Note, the format of my Short and Sweet reviews differs in that they simply comprise the book blurb and a short response (hence, the short and sweet). Sometimes I have too many books to do a full-length review. At other times, like now, tennis elbow and other family issues mean I have to adjust my priorities, and as such, I’m saving longer reviews for Australian authors.
I’ve been a Jodi Picoult fan for years. Her books have a tried-and-tested multi-viewpoint style that varies little, but as a formula for examining the wider dimensions of a topical issue it works. You don’t just get one perspective on an issue, but multiple, often sharply contrasting views; you get the for and the against … and most times, your existing perceptions are challenged. In Leaving Time, her latest novel, she explores love, grief and memory as they relate to humans and elephants, but takes readers down a path that’s somewhat unexpected. Here’s the blurb:
Alice Metcalf was a devoted mother, loving wife and accomplished scientist who studied grief among elephants. Yet it’s been a decade since she disappeared under mysterious circumstances, leaving behind her small daughter, husband, and the animals to which she devoted her life. All signs point to abandonment – or worse. Still Jenna – now thirteen years old and truly orphaned by a father maddened by grief – steadfastly refuses to believe in her mother’s desertion. So she decides to approach the two people who might still be able to help her find Alice: a disgraced psychic named Serenity Jones, and Virgil Stanhope, the cynical detective who first investigated her mother’s disappearance and the strange, possibly linked death of one of her mother’s coworkers. Together these three lonely souls will discover truths destined to forever change their lives. Deeply moving and suspenseful, Jodi Picoult’s 21st novel is a radiant exploration of the enduring love between mothers and daughters.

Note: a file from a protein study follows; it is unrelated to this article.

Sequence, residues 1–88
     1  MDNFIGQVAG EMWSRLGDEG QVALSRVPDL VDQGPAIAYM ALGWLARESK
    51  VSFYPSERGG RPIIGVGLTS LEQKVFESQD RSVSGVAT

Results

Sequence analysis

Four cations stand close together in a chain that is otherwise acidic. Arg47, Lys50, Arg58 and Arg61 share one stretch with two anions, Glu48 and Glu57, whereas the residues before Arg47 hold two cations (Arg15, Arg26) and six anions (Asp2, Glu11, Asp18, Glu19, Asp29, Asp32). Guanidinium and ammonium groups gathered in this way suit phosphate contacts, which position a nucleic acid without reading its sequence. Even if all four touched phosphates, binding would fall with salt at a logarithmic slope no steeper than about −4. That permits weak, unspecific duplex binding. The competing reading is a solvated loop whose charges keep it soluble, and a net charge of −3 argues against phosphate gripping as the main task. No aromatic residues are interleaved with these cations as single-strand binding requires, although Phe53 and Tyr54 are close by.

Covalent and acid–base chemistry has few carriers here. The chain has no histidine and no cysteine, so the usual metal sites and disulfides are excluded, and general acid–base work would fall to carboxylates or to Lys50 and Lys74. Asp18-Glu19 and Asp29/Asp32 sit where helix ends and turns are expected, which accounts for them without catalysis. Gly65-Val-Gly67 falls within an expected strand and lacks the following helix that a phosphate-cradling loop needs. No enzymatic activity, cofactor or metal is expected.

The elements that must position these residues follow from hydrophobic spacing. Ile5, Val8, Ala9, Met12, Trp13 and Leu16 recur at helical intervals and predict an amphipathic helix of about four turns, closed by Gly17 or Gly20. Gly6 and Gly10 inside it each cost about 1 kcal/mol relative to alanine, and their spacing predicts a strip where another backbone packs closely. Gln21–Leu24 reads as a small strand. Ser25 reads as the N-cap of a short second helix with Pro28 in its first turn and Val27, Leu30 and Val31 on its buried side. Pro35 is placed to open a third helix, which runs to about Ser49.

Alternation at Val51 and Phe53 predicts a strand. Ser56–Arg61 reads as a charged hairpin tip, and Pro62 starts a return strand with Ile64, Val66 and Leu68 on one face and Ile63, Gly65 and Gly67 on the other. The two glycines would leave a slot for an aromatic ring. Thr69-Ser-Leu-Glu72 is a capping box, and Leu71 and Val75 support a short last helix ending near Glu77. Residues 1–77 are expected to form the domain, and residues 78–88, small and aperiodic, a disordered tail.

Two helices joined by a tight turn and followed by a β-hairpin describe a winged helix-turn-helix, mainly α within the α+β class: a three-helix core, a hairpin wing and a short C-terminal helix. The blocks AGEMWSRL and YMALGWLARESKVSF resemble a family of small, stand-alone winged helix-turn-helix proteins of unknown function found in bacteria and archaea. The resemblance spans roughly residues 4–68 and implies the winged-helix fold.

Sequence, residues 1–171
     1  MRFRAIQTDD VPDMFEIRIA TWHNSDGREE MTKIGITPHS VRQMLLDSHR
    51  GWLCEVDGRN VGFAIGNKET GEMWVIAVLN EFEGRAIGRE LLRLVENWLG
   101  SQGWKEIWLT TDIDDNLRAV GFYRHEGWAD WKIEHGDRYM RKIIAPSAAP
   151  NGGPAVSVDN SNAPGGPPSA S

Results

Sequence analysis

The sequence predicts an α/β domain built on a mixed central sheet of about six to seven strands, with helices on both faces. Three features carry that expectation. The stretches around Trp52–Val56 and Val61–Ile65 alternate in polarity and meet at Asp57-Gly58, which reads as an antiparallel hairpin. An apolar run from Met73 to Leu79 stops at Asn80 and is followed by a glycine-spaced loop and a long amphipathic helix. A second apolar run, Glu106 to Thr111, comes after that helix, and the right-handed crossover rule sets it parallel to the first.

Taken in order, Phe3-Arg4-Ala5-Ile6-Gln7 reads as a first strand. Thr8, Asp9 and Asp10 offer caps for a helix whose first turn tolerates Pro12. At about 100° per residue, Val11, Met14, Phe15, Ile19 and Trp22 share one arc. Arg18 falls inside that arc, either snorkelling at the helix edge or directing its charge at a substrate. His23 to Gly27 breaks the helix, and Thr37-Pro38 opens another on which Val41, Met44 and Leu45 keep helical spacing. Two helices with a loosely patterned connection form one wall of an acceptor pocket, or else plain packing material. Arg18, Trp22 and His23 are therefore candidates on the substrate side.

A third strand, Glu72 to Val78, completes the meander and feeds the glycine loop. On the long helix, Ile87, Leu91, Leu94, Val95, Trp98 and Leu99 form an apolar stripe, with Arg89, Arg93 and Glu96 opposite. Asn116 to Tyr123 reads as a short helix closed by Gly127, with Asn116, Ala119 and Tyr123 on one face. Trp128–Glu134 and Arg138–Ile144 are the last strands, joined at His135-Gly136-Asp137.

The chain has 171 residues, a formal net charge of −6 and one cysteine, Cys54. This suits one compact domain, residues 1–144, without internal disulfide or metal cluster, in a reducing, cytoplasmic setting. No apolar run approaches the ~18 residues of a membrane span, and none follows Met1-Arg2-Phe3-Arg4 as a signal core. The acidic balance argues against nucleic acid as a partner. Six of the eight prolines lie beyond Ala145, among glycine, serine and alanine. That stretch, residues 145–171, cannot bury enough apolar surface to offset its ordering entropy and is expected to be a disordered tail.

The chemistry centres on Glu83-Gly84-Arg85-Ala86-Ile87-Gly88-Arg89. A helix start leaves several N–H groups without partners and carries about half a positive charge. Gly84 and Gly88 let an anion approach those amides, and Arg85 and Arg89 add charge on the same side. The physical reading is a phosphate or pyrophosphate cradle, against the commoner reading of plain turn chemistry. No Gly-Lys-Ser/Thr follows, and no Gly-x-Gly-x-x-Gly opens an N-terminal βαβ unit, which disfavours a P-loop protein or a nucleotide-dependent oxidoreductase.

And here are some snippets:
There is no question that elephants understand death. They may not plan for it the way we do; they may not imagine elaborate afterlives like those in our religious doctrines. For them, grief is simpler, cleaner. It’s all about loss. (p55)
Logic says that if I have been right – if my mother never would have willingly left me – then she would have come for me. Which, obviously, she didn’t. It doesn’t take a rocket scientist to figure that one out. And yet. If she were dead, wouldn’t I know it? I mean, don’t you hear those stories all the time? Wouldn’t I feel like a piece of me was gone? (p115)
Leaving Time is pretty true-to-form Picoult that reminds me very much of a famous Hollywood movie … but if I say which one, I’ll give away the spoiler. This one took me into unfamiliar territory of psychics and spirit guides, but also into the world of elephants and the way they grieve, bond, remember and forgive. It was this aspect I found most fascinating; not only does it give weight and depth to Picoult’s personal concern for the worldwide plight of elephants, but it’s an effective awareness raiser. I’m guessing many readers will visit the website Picoult mentions at the end for more information. The fictional elephants were based on true and heartbreaking stories from an elephant sanctuary in Tennessee … and heartbreaking is the right word. Picoult does a sensitive job telling these tales in a way that weaves through and enhances the story of Alice, Jenna, Serenity and Virgil.
Once again, Picoult doesn’t disappoint and pulls off her expected surprise (now there’s an oxymoron) ending; in hindsight, the clues are there but so easily missed. I did wonder when I began where the emphasis should go in the title – is it Leaving Time? Or Leaving Time? The answer – it’s both. Overall, I’d say this doesn’t reach the heights of The Storyteller (that one blew me away), but it’s a good, fast-paced read. Fans will enjoy it.
Bookish treat: Some home-made rum balls were consumed during the reading of this